Shabbat Shalom! This week’s Torah portion is Parashat Vayichi. In it, Jacob gives his final blessings to his sons and the sons of Joseph. He prophesies what will become of the men as their families develop into the tribes of Israel. In the Talmud (Ta’anit 5b), there is a midrash on this:
Rabbi Yitzchak said to Rav Nachman: “So said Rabbi Yochanan: Our father Jacob did not die.” Asked Rav Nachman: “Was it for no reason that the eulogizers eulogized, the embalmers embalmed and the buriers buried?” Replied Rabbi Yitzchak: “I am only citing a verse. It is written (Jeremiah 30:10): ‘And you, my servant Jacob, fear not, says the L‑rd, and do not tremble, O Israel. For behold, I shall save you from afar, and your progeny from the land of their captivity.’ The verse equates Jacob with his progeny: just as his progeny are alive, he too is alive.”
From this we see that the parasha is very fitting both for a Bar Mitzvah weekend and the Shabbat before Martin Luther King Day, and we just so happen to find ourselves in both situations. Just as Jacob passes the torch on to his progeny, so too do we hand off new responsibility to Jewish learning and community to a young member of our community. We foresee a great future of love and respect for Judaism and that this Bar Mitzvah will bring honor to the Tribes of Israel. As long this young man lives by Torah, Judaism and our people are kept alive, as Jacob lives through his descendants.
By the same logic, those who continue to fight for the civil rights of all Americans keep alive Reverend Dr. Martin Luther King, Jr. As long as we continue to advocate for the freedom and dignity for all people and ensure true equality in this country, we are the spiritual progeny of Dr. King, and as we live, he lives too.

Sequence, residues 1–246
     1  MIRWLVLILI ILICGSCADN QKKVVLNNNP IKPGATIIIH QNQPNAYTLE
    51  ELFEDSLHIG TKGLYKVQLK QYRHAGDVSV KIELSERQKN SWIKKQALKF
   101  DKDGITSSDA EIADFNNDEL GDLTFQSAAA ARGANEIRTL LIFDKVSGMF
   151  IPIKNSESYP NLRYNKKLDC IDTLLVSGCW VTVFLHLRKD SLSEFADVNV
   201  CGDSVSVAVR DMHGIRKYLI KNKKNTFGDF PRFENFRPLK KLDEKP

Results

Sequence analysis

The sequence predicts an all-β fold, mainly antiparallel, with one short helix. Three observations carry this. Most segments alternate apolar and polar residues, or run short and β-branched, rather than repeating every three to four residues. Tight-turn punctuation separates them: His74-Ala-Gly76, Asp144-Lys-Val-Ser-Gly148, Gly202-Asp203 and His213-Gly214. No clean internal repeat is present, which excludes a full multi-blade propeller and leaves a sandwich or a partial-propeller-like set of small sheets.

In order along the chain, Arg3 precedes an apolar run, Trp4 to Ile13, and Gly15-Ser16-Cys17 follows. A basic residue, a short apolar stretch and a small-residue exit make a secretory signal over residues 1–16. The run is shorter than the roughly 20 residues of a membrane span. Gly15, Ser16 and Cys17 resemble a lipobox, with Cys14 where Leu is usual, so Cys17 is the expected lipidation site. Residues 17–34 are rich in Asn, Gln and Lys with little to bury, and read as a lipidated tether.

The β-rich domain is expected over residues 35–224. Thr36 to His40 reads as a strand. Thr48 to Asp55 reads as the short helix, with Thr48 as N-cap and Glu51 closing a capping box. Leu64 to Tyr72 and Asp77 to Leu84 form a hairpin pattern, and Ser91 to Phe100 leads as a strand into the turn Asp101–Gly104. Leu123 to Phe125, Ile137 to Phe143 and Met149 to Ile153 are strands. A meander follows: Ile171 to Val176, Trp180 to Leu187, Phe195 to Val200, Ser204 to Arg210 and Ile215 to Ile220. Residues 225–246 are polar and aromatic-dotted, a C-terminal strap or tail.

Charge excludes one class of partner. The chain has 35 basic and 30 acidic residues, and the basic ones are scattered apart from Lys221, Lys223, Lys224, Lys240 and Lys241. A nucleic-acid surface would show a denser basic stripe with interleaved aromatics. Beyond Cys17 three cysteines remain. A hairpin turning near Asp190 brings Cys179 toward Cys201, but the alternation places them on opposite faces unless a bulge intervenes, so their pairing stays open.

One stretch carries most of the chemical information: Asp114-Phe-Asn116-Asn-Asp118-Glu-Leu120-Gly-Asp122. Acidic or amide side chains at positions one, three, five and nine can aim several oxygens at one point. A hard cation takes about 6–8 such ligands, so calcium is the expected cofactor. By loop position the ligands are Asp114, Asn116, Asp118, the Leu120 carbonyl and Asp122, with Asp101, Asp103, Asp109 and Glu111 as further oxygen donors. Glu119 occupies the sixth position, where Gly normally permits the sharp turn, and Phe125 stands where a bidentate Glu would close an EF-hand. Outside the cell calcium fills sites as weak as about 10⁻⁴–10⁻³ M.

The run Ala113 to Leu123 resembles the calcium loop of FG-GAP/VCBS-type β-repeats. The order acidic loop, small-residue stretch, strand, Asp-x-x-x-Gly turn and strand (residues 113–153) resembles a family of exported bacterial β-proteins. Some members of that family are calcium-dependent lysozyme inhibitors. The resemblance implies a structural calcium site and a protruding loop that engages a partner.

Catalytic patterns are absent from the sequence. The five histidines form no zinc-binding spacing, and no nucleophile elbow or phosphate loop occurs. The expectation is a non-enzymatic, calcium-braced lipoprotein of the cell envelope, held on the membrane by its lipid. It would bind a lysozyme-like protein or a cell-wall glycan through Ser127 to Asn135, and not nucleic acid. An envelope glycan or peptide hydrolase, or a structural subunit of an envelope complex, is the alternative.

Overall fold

As Jacob is blessing his sons, he also takes the time to rebuke Simeon and Levi for their massacre at Shechem, and then he says that he too held the sword and bow there, though we know that the Torah tells us he did not join in the slaughter of Shechemites. A series of assorted midrash that build on each other clarifies this to tell us that when Jacob learned of Simeon and Levi’s misdeeds, though he did not want them, he still loved his sons dearly and wanted to protect them. So, he took up his sword and bow to stand guard at the gates of the city of Shechem to prevent any survivors from coming to kill Simon and Levi in retribution. Another midrash further explains that “sword and bow” in Jacob’s hands really means prayer and supplication. A third midrash expounds that we know that prayer is like a bow because the closer you draw it into yourself, the farther the arrow flies. So, too, the closer we draw prayer into our hearts, the greater affect it can have on our actions, the more so it can guide us to better the world.
As our Bar Mitzvah grows and takes on the responsibility of being an adult in our community, may he find inspiration in these midrashim and in the legacy of Reverend King to all spiritual people. Our prayer, our values learned from Torah and God, are our greatest weapons. With them, we can truly fight inequality with great reach. Selling books to a second-hand store to help people struggling with financial stability still have access to books, and then using that money to help feed hungry children is a great start. I look forward to seeing how your tikkun olam grows and matures as you do. May everyone in our community, regardless of age, can take up this mantle of spiritual social justice. Amen, Mazel tov to tomorrow’s Bar Mitzvah boy, and Shabbat Shalom.